The story does have a more positive ending though.

The next day, Saturday, I was walking towards the garage when I noticed a yellow butterfly beyond it, flitting about over the grass. I hurried back to the house to get my camera, and about half a minute later I was in the middle of the lawn, looking around for yellow butterflies, this time double-checking the exposure on the camera. And then there it was: high up, moving along the line of a tall hedge and flying at speed away from me. I went in pursuit, hoping against all reasonable expectation that it might just change direction and fly directly at me. And that’s exactly what it did. I couldn’t believe it. And it landed on a late flowering blue geranium a few paces away. I managed to get about a dozen shots and the best three are below. Simple as that.

The dead and dying foliage with the bright green background makes for a confusing image, but the contrasting blue of the geranium in a garden pretty devoid of colour in early/mid October was a positive. And this time the focus was pretty crisp.

I noticed a couple of things in the pictures when I saw them on the computer screen.

Firstly, judging by the markings on the wings (particularly the shape of the smaller of the two white dots ringed in brown) the one I saw on Saturday was a different individual from the one I saw on the Friday. Secondly, there were some blueish markings near the base of the wings of the Saturday Clouded Yellow, which I don’t think I’ve seen before. I’m wondering whether they are actually unusual markings or whether perhaps it’s been smudged with blue pollen on its travels. Do any flowers out there have blue pollen? Or could it be some kind of bruising? One to check out.

Then today, the sun came out again. After the last couple of days I had my camera (settings checked) with me while I enjoyed the end of a Sunday lunchtime beer behind the garage. I could see a couple of what looked like Small Whites flitting around some bramble bushes some distance away and was absent-mindedly wondering whether the butterflies might be sipping the sugary juice of the over-ripe blackberries, when another butterfly, a brown and orangey one, suddenly appeared and landed on one of the few remaining flowers of Catnip in the garden. I had a vague idea it might be a Gatekeeper, but were they about at this time of year?

As soon as I saw it through the lens I could see it was a Wall Brown, the first one I’d definitely seen in the garden. I managed to get a couple of shots before it was off again, landing twenty feet away on a tiny Herb Robert flower, and this time it kindly opened its wings. I managed to get a picture of it there too. And then it was off and away and the visitation was over. A look at the Butterfly Conservation website confirmed that Wall Browns are around until Mid October.

So there we are. I’d thought the butterfly season was pretty much over, and within the space of three days I’d seen two species I’d never seen in the garden before. And taken pictures of them too, even if I did fluff the first attempt. Lesson learned. At least for the time being.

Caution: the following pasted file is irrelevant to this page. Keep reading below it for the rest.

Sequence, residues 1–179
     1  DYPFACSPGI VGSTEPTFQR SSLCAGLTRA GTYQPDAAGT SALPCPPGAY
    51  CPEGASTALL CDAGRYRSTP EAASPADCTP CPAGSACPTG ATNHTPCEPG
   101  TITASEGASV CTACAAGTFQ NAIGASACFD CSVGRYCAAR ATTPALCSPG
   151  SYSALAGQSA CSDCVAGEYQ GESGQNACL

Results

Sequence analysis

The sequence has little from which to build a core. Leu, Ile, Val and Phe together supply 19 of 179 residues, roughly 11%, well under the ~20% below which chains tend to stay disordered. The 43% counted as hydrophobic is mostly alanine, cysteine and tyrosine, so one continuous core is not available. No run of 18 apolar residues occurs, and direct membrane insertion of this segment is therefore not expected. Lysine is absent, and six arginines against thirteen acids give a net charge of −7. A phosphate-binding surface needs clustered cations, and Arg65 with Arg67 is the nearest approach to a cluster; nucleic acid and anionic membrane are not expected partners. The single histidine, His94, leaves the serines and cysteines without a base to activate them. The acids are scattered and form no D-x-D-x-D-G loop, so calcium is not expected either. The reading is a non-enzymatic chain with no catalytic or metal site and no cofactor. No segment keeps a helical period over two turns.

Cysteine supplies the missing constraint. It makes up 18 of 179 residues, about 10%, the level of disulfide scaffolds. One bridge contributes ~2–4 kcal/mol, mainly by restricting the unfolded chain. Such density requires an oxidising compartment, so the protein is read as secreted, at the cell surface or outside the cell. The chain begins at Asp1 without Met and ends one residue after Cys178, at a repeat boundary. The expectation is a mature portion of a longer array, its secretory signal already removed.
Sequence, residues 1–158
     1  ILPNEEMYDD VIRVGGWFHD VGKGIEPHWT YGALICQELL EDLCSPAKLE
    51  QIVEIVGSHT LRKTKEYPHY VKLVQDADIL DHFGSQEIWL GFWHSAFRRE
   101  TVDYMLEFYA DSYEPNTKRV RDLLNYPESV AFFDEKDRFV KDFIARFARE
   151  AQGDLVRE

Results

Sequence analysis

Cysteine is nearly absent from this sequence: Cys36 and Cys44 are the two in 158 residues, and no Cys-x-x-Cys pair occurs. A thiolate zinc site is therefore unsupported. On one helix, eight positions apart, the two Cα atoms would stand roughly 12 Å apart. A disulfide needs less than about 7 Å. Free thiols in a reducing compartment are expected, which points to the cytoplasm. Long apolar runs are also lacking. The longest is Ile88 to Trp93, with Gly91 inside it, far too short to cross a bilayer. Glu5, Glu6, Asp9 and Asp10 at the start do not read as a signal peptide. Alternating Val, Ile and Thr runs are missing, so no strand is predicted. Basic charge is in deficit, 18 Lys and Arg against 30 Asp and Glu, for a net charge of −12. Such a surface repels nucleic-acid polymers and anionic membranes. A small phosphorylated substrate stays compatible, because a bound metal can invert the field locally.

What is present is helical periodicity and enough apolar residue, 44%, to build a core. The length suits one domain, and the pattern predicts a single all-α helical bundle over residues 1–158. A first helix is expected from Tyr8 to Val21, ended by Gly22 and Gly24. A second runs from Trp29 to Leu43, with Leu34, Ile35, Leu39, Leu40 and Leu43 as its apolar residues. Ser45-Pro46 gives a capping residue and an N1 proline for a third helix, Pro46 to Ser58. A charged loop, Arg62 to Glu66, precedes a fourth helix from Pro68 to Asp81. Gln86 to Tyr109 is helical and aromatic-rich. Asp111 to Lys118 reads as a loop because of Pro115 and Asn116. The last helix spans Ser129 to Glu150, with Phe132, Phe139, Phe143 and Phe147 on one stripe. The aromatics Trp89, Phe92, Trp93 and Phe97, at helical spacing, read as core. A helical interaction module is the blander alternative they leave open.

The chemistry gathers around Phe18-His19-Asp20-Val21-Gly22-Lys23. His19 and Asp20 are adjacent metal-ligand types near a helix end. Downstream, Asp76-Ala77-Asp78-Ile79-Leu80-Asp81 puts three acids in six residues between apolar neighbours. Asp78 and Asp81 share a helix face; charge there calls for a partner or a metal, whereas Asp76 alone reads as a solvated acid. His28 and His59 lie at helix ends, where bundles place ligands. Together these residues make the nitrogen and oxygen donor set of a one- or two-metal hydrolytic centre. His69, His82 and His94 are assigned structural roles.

To Camouflage or not to Camouflage

If the whole world was made up of faded Lemon Verbena plants, then Cabbage White butterflies would be perfectly camouflaged. I’m guessing, though, that success, when you’re an adult butterfly, has more to do with attracting mates than avoiding predation. Of course when you’re a caterpillar and uninterested in members of the opposite sex, your top priority, while you’re concentrating on eating your cabbages, is to avoid being eaten by birds and wasps – or being removed by eagle-eyed gardeners for that matter – so green would be the successful colour for you at that more stationary stage of your life cycle. And so it is for the Small White caterpillar.

The above picture was taken in our garden with the shade of long grass along a fence in the background, hence the dramatic lighting. More dramatic lighting in the next shot of a Holy Blue I spotted yesterday in the dappled light from overhanging trees up on the Plain.

And below, the same butterfly in direct sunlight a foot or two away. 

A hundred or two yards earlier on the dog walk I’d seen Gatekeepers and a Wall Brown (or two – difficult to differentiate between them when they’re in flight) chasing each other on the edge of the same escarpment wood. It looked like a bank of Willowherb, covered in floss, was the real estate they were fighting over. I’m guessing the Wall was winning as he tended to perch near or on the Willowherb…

Wall Brown with its exotic underwing markings

… while the Gatekeepers seemed to be retreating to the branches of some kind of wild plumb or damson tree overhead, their fruits beginning to ripen.

Also seen on the walk were Chalkhill Blues – first of the year for me – at the SSSI where I often drop in on dog walks to see what’s happening.

The Harebells were out, as were the Clustered Bellflowers, enjoying the sun of the south facing chalk escarpment.

Harebells in the sun
Clustered Bellflowers

On my way there, over open grassland, I thought I saw a clouded Yellow zooming along in the distance, though it could possibly have been a Brimstone – there are one or two of them on the wing at the moment. But I knew there were Clouded Yellows about as well as I’d seen a couple chasing each other on the plain about a fifteen minute drive away on Sunday. I managed to photograph one of them after a mad, zig-zagging chase over grassland. A first for me.

Eyes bright, almost radio-active green. A bit spooky.

Will try next time to get a shot without grass in the way, but these migrants from Southern Europe and North Africa do not like sitting still – or giving you many chances with a camera.

Am looking forward to the emergence of the Common Blues, a favourite for me – and much more laid back when it comes to having their photos taken. Should be with us in the next week or two.